Participating in your child’s preschool classroom provides a number of benefits to yourself, your child, your child’s teacher, and your greater community at large.
Being a preschool classroom mom or dad keeps you closely connected to your child and his or her sphere of influence, keeps you in the know about what their daily life is like as well as what the current trends and fads are so you’ll have more connection points you can chat about with them, and your assistance can really be invaluable to the teacher and school.
Here are a few ways you can get involved:
1. Read to the class
Volunteering to be a class reader helps mix it up for the kids and gives the teacher a bit of a break. Plus you’ll get to see what the classroom favorite books are and can use their characters as fun jumping-off points for playing with your child at home.
2. Tutor or help with lab/hands on work
Preschool kids aren’t generally getting drilled on the intricacies of complex mathematics, but a teacher may still appreciate having an extra set of hands around to help explain concepts or assist with hands-on experiments and activities. If you’re around and able to help with either the slower kids or the more advanced ones, it can free up a lot of the teacher’s energy to dedicate to the larger majority.
3. Help organize class parties
All kids like to celebrate any reason for a party – Halloween, Thanksgiving, Christmas, Valentine’s Day, St. Patrick’s Day. But organizing a party can be a lot of work for a teacher all by themselves. Let the teacher know you’re willing and available to help and maybe you can find the decorations and favors for the party while he or she draws up a lesson plan explaining to the kids what it’s all about. Being involved in celebrating everyone’s birthdays as they come around could go a long way as well!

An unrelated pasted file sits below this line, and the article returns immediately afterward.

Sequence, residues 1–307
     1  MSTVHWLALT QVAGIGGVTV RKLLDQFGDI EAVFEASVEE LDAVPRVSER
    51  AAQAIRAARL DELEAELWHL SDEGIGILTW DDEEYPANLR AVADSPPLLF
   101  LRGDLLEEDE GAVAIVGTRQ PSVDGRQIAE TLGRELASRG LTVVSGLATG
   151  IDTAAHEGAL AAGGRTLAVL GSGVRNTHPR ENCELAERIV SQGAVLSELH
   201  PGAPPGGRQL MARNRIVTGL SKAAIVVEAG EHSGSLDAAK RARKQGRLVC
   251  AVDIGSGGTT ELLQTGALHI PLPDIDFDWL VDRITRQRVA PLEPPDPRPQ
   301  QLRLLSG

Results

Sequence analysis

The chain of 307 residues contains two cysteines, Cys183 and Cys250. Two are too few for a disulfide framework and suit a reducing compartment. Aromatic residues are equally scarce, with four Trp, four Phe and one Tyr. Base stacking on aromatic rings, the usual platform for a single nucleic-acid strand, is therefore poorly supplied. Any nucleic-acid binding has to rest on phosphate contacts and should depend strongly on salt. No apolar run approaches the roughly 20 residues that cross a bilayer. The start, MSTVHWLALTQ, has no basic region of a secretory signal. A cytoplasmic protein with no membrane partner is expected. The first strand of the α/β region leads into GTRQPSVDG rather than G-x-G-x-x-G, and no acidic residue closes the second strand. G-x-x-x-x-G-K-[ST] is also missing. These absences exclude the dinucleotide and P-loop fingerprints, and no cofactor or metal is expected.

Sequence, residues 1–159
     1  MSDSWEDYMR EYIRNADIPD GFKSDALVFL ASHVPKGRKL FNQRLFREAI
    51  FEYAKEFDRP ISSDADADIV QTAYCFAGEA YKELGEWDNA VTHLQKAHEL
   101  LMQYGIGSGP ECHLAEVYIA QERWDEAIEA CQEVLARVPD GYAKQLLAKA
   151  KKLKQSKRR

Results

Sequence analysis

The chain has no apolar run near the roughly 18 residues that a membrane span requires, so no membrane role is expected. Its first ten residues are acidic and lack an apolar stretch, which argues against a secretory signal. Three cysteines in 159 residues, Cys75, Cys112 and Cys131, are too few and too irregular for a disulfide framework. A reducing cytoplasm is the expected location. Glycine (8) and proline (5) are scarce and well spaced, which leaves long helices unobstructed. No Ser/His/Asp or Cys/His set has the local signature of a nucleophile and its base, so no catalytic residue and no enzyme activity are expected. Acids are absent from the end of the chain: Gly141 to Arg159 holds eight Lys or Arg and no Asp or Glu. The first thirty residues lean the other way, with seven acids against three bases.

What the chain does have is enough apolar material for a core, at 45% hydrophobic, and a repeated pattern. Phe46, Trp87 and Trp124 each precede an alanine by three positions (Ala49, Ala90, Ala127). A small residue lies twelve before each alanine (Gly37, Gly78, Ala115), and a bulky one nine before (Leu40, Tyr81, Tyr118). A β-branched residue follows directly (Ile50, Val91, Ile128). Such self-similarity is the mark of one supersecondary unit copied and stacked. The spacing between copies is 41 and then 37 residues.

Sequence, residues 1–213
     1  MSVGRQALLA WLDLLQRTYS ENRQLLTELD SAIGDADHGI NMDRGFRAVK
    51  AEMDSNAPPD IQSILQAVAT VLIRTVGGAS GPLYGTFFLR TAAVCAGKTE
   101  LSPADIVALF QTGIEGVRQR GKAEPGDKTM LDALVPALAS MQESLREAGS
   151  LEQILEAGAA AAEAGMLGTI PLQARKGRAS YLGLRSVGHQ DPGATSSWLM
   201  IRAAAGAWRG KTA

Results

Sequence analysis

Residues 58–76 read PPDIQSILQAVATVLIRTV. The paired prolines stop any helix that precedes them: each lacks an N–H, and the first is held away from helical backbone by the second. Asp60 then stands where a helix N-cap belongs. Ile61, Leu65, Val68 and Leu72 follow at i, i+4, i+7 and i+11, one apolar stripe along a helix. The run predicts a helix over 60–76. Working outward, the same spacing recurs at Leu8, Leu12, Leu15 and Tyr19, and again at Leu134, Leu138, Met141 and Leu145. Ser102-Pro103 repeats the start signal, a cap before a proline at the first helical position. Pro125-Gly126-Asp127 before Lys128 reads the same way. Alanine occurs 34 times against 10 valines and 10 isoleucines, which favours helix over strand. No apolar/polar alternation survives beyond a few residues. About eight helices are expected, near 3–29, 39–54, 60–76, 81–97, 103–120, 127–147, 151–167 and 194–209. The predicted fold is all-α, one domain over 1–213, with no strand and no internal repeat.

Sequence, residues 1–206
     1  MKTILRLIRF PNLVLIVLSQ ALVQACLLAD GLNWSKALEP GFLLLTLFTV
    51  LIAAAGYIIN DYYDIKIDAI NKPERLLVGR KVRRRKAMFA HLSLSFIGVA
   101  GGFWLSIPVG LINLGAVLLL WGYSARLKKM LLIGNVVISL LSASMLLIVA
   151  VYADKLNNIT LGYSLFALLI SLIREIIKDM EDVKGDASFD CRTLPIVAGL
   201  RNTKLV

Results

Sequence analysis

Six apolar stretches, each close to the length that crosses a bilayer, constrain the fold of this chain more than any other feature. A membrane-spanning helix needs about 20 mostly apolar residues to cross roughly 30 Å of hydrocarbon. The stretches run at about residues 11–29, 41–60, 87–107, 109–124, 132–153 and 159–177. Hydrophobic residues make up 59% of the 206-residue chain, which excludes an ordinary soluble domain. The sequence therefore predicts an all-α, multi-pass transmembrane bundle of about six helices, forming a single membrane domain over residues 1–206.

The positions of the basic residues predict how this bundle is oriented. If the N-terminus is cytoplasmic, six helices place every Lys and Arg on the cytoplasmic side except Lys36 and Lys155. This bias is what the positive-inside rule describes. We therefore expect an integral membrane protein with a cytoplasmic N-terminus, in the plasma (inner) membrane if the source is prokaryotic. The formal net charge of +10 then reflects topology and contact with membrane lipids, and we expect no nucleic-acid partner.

4. Check in with the teacher regularly
Along those lines, just keeping in regular touch with the teacher throughout the busy school year and letting him or her know that you’re available and interested to help and asking what they need can be very appreciated.
5. Attend open houses, conferences, and special events at the school
Go to the back-to-school nights and open houses at the beginning of the year, attend parent-teacher conferences to talk one on one with the teacher about your child and how they’re doing in class, and go with your child to any events the school puts on like concerts, holiday shows, plays, science fairs, honors and awards assemblies, etc.
6. Offer your skills to the classroom
If you have any handy skills like carpentry, crafting, art, instrumental or voice music, acting, baking, etc., share it with your child’s classroom. Come in and speak, demonstrate, or offer your skills if the teacher needs building something or making crafts for a craft fair, or cookies for a bake sale.
These are just a few ideas to get you started – chat with your child’s teacher directly and see what other ideas he or she may have. They’ll appreciate your willingness to help out and support the kids and the classroom!